The culture of beauty and its ancient secrets
A bit of history and archaeology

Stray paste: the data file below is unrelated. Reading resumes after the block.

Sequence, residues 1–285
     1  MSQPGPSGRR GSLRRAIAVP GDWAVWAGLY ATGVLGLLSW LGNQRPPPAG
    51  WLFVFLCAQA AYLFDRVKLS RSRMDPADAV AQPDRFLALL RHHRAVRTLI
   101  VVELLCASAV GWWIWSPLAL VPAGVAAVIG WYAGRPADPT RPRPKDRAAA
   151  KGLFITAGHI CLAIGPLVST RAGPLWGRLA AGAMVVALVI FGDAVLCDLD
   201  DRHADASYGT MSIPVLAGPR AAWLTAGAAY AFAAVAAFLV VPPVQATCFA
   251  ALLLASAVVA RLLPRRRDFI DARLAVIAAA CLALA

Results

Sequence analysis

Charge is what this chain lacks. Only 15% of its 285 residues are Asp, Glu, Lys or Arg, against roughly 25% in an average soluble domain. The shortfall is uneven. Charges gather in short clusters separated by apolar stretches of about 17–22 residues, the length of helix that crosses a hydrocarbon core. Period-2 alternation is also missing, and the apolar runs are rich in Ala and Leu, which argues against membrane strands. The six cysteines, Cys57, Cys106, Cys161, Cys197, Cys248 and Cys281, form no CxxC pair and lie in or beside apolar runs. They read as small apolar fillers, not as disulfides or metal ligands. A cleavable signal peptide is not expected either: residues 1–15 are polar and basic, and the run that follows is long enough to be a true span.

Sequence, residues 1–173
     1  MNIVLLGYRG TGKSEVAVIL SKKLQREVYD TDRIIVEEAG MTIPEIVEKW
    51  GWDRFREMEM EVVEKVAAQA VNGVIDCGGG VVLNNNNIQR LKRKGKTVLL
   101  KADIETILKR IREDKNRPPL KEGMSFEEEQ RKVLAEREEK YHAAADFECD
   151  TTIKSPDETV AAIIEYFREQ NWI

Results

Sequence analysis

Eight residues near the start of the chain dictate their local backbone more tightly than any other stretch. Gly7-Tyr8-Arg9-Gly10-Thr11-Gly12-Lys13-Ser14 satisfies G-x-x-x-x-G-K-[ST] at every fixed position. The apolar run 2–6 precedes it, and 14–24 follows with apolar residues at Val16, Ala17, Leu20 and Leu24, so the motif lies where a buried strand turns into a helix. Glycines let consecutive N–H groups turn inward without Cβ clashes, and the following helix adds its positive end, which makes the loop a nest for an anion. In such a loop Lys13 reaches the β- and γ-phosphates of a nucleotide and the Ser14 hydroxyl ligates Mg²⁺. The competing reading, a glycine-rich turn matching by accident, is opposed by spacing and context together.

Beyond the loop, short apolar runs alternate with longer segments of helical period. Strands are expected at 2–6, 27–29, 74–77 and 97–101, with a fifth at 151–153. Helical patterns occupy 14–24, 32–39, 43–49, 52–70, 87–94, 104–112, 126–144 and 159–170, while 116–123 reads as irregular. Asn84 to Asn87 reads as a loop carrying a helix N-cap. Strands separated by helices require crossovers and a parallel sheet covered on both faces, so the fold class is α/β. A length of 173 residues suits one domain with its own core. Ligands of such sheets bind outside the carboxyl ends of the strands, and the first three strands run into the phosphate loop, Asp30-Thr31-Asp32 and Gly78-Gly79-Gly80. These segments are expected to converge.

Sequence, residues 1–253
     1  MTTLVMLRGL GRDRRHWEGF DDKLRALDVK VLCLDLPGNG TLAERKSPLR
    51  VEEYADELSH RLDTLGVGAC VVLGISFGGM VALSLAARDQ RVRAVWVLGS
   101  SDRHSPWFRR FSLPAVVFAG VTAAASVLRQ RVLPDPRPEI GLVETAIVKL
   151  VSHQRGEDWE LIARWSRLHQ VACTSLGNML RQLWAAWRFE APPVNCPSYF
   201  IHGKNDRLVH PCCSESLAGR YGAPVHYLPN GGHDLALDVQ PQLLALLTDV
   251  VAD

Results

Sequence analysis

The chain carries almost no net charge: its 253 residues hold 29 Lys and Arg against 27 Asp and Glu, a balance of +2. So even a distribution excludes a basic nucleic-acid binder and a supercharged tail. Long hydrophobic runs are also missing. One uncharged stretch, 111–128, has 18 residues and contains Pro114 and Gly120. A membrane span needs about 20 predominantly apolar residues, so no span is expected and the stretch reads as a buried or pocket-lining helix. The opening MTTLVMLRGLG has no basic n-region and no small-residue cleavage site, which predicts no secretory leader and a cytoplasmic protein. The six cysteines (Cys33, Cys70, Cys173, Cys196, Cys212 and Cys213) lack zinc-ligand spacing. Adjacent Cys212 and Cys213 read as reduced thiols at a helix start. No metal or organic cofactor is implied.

There is evidence of the use of scented oils in Etruria since the 7th century B.C. due to the presence of small and precious containers for this purpose. The Etruscan perfumers captured the fragrance from flowers, shrubs and herbs, including spikenard, cardamom, marjoram, lily, rose, laurel, myrtle and many others, using a similar process to the ancient “enfleurage” extraction technique which allows the “cold” treatment of delicate flowers such as roses, jasmine, tuberose, violets, orange blossom and many others. This technique is based on extraction using a solvent that can absorb the essential oils. To create ointments, the Etruscans added a liquid excipient to the floral essence obtained by squeezing immature olives (omphacium). Instead, to obtain the necessary alcohol base to make perfumes they squeezed grapes, to which they added resins or honey as fixatives. With regard to archaeological findings, the research carried out recently on the contents of the little vases provides information about the complementary aspects of the production, consumption and sale of types of intensive farming such as olive and vine crops. After a first phase in which the oil containers found in Etruscan tombs in Latium and Etruria were mainly imported, during the third quarter of the 7th century B.C. these vases began to be produced on site. These vessels for scented oils, like the containers for edible oil, were produced very widely in Etruria. At this time in Etruria oil and wine, previously considered exotic and luxury goods, became widely used as attested by the numerous containers frequently found in tombs from the early and middle Etruscan era. Particularly common were the small “bucchero” unguentaria, which imitate the imported Corinthian aryballoi and alabastrons.